Wednesday, July 11, 2012

Starving Nutritionally

I read this great book called the Gabriel Method. In it he talks a lot about starving nutritionally. I know it is hard to wrap our brains around but, when we are obese, we are actually starving to death, literally.

A great analogy that he used in his book was to use the example of a baby, what if, every time a baby cried for food we fed it Coca Cola? The baby might stop crying long enough to drink the Coke, but it wouldn't be long before the baby would start screaming again. If we continue giving the baby Coca Cola, the baby would probably get really fat, look like it was really well fed, too well fed even. Yet, the baby would only continue to scream. Why? Because the baby would be starving nutritionally. Starving to death, literally, because a baby cannot live on Coca Cola. It would develop diabetes, or heart disease or cancer and eventually die.

The baby is the same as what we have done to our bodies, we are starving nutritionally and we are literally starving to death! That is why our bodies scream for food constantly, because it isn't screaming for that donut and bag of chips, it is screaming for nutrition.

Now that I have found intermittent fasting, my body has stopped screaming. I have begun to look at hunger in a whole new light. Hunger is not my body needing food but yet my body screaming for more. More junk? No, more nutrition. I used to get the WORST hunger pains. They were physically painful. I never get those anymore. I think they were me starving nutritionally. Hunger is so mild if at all now. I feel like the less I eat, the less hungry I feel.

Fasting allowed my body to understand what it was that it needed and it started to be able to communicate those needs to me in a better way. I started to crave the foods that would be best for me nutritionally. I am not saying I don't ever eat junk...I do, but I also eat lots and lots of veggies and fruit and healthy fats. My body doesn't need to scream anymore.

7 comments:

  1. Hi Jenna,
    I've been doing IF for about 2.5 months. I've lost a good 8 pounds but have been at a solid plateau for a few weeks now. I'm thinking I need to add in a complete fasting day which is difficult with my schedule and maybe break my fast with something good like a salad or greens drink with fiber. I know in your last post you mentioned your long standing plateau but do you think these little changes will help me get over this hump for now?

    ReplyDelete
    Replies
    1. Yes, there are a few ways to try and shake a plateau. Bert Herring writes about a few suggestions in his book that you can download free from his website. There is a link on the right of my blog: Fast 5 Website.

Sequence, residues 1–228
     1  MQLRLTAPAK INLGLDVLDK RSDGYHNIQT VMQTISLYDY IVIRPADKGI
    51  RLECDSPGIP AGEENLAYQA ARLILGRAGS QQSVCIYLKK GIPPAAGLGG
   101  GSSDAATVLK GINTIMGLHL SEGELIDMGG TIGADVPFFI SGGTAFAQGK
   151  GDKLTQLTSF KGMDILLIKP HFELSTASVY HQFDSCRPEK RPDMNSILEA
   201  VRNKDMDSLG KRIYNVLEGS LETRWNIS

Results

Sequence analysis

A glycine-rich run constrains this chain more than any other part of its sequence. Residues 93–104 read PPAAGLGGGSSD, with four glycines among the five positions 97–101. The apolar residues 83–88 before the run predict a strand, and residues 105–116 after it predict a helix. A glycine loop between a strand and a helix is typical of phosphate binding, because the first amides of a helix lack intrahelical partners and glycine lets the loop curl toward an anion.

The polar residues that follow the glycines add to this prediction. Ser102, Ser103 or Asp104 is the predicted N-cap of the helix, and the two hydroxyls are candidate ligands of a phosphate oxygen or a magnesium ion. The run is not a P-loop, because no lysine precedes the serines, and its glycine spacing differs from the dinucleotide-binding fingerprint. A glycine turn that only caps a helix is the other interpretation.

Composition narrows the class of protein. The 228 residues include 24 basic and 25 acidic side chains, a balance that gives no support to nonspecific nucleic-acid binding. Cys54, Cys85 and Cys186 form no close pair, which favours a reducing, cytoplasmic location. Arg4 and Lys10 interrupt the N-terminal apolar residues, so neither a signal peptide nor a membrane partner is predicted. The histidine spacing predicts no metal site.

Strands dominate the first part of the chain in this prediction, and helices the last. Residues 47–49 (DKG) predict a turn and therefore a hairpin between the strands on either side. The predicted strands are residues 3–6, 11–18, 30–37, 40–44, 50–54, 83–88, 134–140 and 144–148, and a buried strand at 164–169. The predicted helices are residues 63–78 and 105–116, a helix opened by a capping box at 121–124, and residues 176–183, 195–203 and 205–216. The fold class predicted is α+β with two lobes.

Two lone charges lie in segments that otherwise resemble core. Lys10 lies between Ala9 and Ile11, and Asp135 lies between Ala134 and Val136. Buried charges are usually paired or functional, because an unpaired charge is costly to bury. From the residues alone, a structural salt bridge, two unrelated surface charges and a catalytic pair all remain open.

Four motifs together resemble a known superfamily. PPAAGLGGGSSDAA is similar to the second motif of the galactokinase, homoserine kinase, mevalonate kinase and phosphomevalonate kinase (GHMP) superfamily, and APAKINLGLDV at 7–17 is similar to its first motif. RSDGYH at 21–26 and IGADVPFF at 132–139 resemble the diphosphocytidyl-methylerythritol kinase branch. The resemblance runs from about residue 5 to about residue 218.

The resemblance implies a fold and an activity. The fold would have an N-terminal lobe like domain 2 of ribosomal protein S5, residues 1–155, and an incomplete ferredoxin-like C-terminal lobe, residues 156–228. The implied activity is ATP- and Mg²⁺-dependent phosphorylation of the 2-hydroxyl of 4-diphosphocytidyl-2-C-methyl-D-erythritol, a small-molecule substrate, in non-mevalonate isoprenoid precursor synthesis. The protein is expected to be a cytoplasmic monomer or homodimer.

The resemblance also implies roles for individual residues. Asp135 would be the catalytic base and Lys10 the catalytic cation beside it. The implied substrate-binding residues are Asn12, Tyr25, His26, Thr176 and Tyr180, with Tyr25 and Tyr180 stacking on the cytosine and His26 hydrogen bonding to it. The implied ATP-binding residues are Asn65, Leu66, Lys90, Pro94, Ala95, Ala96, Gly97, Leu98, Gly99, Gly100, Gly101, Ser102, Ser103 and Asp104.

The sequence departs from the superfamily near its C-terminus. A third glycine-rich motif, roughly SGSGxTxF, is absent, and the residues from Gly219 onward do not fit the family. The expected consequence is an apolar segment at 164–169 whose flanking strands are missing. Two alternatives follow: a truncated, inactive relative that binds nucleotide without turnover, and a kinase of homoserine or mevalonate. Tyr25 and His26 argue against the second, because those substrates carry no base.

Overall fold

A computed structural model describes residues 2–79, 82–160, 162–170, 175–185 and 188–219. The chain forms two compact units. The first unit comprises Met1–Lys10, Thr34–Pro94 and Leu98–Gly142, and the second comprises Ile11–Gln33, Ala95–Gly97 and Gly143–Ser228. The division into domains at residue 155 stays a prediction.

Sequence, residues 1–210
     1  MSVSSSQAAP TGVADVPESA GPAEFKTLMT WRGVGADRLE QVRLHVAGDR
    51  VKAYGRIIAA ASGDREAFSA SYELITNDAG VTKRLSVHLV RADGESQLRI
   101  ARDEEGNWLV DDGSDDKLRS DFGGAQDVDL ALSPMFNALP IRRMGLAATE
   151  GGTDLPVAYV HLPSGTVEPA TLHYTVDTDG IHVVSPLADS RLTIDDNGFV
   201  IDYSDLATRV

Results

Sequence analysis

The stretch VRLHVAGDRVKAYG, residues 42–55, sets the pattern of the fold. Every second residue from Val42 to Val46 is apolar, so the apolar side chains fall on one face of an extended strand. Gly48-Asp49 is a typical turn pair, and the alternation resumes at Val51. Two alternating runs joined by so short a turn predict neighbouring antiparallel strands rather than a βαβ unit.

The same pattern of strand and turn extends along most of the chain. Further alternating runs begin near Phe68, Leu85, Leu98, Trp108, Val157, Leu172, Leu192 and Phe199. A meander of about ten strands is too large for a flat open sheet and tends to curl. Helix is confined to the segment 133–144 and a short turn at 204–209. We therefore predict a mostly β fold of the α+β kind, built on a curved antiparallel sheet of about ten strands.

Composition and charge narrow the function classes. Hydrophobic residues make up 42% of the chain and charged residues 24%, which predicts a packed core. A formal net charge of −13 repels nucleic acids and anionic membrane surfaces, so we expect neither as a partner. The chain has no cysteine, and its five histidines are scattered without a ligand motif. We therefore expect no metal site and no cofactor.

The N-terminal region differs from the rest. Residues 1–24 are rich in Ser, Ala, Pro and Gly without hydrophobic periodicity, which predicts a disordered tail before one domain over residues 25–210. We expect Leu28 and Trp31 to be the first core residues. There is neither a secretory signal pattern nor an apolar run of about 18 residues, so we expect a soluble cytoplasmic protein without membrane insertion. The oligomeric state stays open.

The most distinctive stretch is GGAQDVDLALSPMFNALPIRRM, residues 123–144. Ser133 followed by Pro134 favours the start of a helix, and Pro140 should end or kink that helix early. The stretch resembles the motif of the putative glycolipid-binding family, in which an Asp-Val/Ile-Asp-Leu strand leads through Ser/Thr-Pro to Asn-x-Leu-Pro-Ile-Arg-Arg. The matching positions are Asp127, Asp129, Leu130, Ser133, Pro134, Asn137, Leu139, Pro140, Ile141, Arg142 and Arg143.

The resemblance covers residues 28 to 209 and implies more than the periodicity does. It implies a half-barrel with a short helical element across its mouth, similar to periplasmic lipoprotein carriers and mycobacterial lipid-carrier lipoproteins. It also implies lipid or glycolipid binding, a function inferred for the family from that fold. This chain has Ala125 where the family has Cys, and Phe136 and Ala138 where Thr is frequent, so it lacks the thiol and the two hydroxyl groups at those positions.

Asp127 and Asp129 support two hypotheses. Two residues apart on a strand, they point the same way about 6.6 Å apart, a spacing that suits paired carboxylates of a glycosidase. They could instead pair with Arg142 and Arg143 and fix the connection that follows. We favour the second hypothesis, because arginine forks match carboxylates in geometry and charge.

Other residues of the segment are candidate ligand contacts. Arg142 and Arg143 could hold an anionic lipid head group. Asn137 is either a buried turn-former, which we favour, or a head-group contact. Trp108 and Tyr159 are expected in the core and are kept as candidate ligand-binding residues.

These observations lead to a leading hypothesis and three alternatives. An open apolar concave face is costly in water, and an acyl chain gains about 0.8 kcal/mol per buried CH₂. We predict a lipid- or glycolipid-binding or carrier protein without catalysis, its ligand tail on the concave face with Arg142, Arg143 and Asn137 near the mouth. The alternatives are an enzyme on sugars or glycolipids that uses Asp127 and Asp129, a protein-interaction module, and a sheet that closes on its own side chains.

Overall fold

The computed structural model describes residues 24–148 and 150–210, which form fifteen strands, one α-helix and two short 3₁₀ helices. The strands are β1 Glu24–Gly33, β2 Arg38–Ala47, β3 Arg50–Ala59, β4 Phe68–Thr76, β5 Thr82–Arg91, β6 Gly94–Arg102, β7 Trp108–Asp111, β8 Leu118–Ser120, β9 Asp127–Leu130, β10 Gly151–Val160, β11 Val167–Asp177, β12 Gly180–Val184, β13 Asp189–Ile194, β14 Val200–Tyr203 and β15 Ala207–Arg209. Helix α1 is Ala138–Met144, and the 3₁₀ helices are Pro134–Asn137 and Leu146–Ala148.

He mentions having a day where you eat all day or having a day where you fast all day. Something to shock the system into a change.

      I think my long standing plateau is simply because I am now eating exactly the amount of calories during my eating window that maintains my current weight.

      I really need to now reduce the amount of food I am eating when I eat or implement an exercise routine that I can do as part of my everyday life.

      These two things are proving a challenge for me, and it makes sense because these two things are the reason that I was obese in the first place.

      Intermittent fasting has helped me to control the excess enough to lose a significant amount but I still face the same challenges that got me here in the first place.

      Try the long fasts, once a week or once a month and as long as you do that consistently, it will help.

      Delete
  2. Jenna - I have the same problems that you do. I lost a bunch of weight with IF (Fast5 specifically) and have kept it off but I tend to binge still during my window. Not every time - but often enough to keep my weight stable. It's mostly sweets in my case.
    Hunger doesn't scare me before my window. But during or after it still frightens me and I eat.
    I also wonder if the binges (in my case) are a reward mechanism since I deprived myself all day.
    Have you any thoughts along these lines?

    --Chris

    ReplyDelete
    Replies
    1. I can relate to the hunger part you describe. I can fast for three days and not feel hunger, yet when the eating window opens I still get a anxious feeling about getting enough food.

      It could be a result of fasting and feeling deprived, yes, but I think it is probably more than that. If you have struggled with over eating before you found intermittent fasting like I did then it is in the mind. Something that has caused a need to fill some missing part in our lives or to use food as comfort.

      I have no "cure" but being aware is always the first step. I am still working on this myself, but am grateful that intermittent fasting has helped me get control. I used to overeat 24/7, now it is just once a day...

      Intermittent fasting is not a "cure" for the reason we became overweight in the first place, just a tool to help manage it.

      Delete
  3. People say that Fast 5 doesn't leave you feeling deprived. I say that's nonsense! You feel deprived from fasting all day and there you go every eating window turns into a binge! I decided this lifestyle is not for me. I do Low Carb, thanks to Dr. Atkins! I'm never hungry, have no cravings, I'm totally in control! Why?? My Insulin Levels are stable! My Metabolic Problems are sorted! You cannot fight a metabolic problem with will power. You cannot fight addiction with will power! I'm happy and healthy. My doctor is very happy with my overall health and tells me to continue this way. Good luck!

    ReplyDelete
    Replies
    1. Low carb has certainly been a successful program for many people. We all have to do what works for us, and so yes, intermittent fasting is not for everyone.

      Delete
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